BREAKING NEWS

12-08-2019     3 رجب 1440

Revise the Formula

November 29, 2019 |

The untimely snowfall of November 7 has wreaked havoc on the Valley’s horticulture sector. As per the initial estimates of the administration,
at least 50 percent trees have suffered damage of varying kinds in the massive snowfall that has brought the farmers under immense distress,
especially those who depend on earnings from orchards to fund the education of their kids and keep their kitchens running throughout the year.
However, unofficial figures suggest that the extent of damage to orchards, especially in south and central Kashmir, may be much higher than what
the government survey is trying to suggest. This is because the officials of the horticulture and revenue department have a fixed mandate and
timeline for completing the survey.
At the outset, the survey team is not in a position to check all the orchards in a particular district for assessing the losses. The actual
survey takes places for two or three days in a district during which the officials visit as many orchards as they can and based on their
assessment, they come up with a cumulative figure on the scale of losses.
Second, following the massive snowfall, a majority of apple and other trees have been virtually sliced into many parts by the weight of snow on
their branches. However, this is not the indicator of a damaged tree in the books of an administration. An argument goes that such a tree can be
fixed like a broken toy. Only thing is that a farmer has to replace an adhesive with clay, iron nails and reinforcements like sheets of plastic
or ropes. No doubt the tree will spring back to life but the life of such a tree gets reduced drastically and even the produce begins to fall
year after year till the tree meets its eventual death.
It is not only the life of a tree that gets shortened but the income of a farmer as well. Horticulture is the backbone of Kashmir’s rural
economy. The need of the hour is for the government to revise the parameters that are used to define a ‘damaged tree’. This will pave way for
sufficiently compensating an affected farmer. Besides, the amount of cash compensation given in such circumstances is pathetically low. It
should be revised at the earliest to provide succor to an aggrieved farmer.

BREAKING NEWS

VIDEO

Twitter

Facebook

Revise the Formula

November 29, 2019 |

The untimely snowfall of November 7 has wreaked havoc on the Valley’s horticulture sector. As per the initial estimates of the administration,
at least 50 percent trees have suffered damage of varying kinds in the massive snowfall that has brought the farmers under immense distress,
especially those who depend on earnings from orchards to fund the education of their kids and keep their kitchens running throughout the year.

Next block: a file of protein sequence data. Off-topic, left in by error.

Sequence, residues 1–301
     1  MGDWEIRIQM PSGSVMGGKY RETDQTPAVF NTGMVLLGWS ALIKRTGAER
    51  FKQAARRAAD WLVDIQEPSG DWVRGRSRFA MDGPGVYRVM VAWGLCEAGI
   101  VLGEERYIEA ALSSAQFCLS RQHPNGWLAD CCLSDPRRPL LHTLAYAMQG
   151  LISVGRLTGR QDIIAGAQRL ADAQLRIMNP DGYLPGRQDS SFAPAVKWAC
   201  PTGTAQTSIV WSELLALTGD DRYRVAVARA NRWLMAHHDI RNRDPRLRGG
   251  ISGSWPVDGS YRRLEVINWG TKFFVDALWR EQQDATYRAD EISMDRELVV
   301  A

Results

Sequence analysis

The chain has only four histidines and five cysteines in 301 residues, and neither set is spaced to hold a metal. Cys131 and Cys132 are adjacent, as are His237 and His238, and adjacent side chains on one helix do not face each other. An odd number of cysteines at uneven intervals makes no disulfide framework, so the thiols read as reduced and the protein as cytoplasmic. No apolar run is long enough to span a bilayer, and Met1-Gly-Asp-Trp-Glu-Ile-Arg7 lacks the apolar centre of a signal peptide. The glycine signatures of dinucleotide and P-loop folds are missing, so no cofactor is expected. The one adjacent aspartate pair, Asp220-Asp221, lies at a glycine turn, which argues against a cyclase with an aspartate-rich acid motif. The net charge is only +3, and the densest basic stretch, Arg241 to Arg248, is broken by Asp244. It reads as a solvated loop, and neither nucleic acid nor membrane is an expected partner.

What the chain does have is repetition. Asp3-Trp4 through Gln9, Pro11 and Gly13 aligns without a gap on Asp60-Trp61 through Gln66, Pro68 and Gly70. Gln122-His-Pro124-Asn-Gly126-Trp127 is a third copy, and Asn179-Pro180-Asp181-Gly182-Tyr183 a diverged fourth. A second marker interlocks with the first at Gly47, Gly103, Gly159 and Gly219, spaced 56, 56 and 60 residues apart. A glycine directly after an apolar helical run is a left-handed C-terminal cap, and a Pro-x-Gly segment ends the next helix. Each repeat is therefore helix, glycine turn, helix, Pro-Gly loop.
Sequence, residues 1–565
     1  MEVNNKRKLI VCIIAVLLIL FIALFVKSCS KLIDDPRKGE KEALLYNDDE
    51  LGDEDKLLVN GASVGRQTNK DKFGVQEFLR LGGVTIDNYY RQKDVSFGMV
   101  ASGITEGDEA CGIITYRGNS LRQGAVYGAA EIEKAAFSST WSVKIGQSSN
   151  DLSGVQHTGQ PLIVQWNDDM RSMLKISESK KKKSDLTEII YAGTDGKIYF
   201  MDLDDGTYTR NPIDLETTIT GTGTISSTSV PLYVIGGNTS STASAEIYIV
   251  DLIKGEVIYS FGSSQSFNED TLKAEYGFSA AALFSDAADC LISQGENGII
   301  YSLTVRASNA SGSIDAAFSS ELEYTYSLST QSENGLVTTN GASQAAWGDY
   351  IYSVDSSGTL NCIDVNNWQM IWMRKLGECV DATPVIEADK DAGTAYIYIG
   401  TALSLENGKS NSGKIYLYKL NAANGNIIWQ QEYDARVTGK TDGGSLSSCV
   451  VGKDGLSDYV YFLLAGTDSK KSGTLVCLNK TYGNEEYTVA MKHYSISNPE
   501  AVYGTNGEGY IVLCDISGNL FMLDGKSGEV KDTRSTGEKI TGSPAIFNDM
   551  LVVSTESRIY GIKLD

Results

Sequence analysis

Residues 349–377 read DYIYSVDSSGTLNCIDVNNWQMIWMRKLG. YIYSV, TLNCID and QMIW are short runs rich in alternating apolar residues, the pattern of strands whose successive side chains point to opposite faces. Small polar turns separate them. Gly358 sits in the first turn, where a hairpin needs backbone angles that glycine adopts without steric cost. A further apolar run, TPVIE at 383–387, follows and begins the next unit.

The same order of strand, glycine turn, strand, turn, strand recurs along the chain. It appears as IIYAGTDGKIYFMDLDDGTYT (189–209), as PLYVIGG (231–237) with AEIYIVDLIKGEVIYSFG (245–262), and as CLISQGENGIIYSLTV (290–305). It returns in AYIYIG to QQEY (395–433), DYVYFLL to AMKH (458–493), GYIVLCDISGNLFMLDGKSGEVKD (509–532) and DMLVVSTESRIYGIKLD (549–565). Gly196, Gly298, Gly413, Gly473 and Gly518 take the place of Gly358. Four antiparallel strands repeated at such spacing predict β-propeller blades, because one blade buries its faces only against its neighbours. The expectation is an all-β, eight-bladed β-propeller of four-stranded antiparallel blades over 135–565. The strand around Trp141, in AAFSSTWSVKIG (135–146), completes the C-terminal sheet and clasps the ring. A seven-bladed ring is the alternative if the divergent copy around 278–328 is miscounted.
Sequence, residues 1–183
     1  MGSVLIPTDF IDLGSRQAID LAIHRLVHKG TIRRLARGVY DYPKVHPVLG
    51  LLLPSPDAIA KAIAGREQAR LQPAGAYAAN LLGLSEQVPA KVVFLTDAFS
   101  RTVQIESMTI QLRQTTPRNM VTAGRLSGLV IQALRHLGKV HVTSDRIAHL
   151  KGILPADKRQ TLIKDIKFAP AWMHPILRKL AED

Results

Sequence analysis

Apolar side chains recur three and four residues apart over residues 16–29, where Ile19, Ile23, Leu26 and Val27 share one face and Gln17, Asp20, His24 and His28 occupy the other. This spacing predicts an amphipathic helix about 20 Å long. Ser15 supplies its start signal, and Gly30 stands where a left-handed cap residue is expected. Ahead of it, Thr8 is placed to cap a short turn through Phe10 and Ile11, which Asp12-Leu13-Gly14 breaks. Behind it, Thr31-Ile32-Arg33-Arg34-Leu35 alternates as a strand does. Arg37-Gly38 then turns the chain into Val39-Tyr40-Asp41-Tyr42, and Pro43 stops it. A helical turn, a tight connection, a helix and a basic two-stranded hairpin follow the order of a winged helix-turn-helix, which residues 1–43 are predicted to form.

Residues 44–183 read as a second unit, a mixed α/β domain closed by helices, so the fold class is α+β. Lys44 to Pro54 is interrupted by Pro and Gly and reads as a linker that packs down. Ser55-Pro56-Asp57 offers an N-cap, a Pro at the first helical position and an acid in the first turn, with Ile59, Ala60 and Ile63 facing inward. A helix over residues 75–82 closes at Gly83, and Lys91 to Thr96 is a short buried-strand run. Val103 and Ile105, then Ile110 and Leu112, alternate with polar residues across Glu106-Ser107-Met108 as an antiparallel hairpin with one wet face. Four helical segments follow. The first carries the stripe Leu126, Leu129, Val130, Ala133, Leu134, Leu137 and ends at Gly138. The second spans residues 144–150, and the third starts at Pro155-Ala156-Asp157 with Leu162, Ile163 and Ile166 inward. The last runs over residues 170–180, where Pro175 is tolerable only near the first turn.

However, unofficial figures suggest that the extent of damage to orchards, especially in south and central Kashmir, may be much higher than what
the government survey is trying to suggest. This is because the officials of the horticulture and revenue department have a fixed mandate and
timeline for completing the survey.
At the outset, the survey team is not in a position to check all the orchards in a particular district for assessing the losses. The actual
survey takes places for two or three days in a district during which the officials visit as many orchards as they can and based on their
assessment, they come up with a cumulative figure on the scale of losses.
Second, following the massive snowfall, a majority of apple and other trees have been virtually sliced into many parts by the weight of snow on
their branches. However, this is not the indicator of a damaged tree in the books of an administration. An argument goes that such a tree can be
fixed like a broken toy. Only thing is that a farmer has to replace an adhesive with clay, iron nails and reinforcements like sheets of plastic
or ropes. No doubt the tree will spring back to life but the life of such a tree gets reduced drastically and even the produce begins to fall
year after year till the tree meets its eventual death.
It is not only the life of a tree that gets shortened but the income of a farmer as well. Horticulture is the backbone of Kashmir’s rural
economy. The need of the hour is for the government to revise the parameters that are used to define a ‘damaged tree’. This will pave way for
sufficiently compensating an affected farmer. Besides, the amount of cash compensation given in such circumstances is pathetically low. It
should be revised at the earliest to provide succor to an aggrieved farmer.


  • Address: Abi-guzar Lalchowk Srinagar 190001.
  • Phone: 0194-2451076 , +91-941-940-0056 , +91-962-292-4716
  • Email: brighterkmr@gmail.com
Owner, Printer, Publisher, Editor: Farooq Ahmad Wani
Legal Advisor: M.J. Hubi
Printed at: Abid Enterprizes, Zainkote Srinagar
Published from: Gulshanabad Chraresharief Budgam
RNI No.: JKENG/2010/33802
Office No’s: 0194-2451076, 9622924716 , 9419400056
Postal Regd No: SK/135/2010-2019
Administrative Office: Abi Guzer Srinagar

© Copyright 2018 brighterkashmir.com All Rights Reserved. Quantum Technologies

Owner, Printer, Publisher, Editor: Farooq Ahmad Wani
Legal Advisor: M.J. Hubi
Printed at: Abid Enterprizes, Zainkote Srinagar
Published from: Gulshanabad Chraresharief Budgam
RNI No.: JKENG/2010/33802
Office No’s: 0194-2451076, 9622924716 , 9419400056
Postal Regd No: SK/135/2010-2019
Administrative Office: Abi Guzer Srinagar

© Copyright 2018 brighterkashmir.com All Rights Reserved.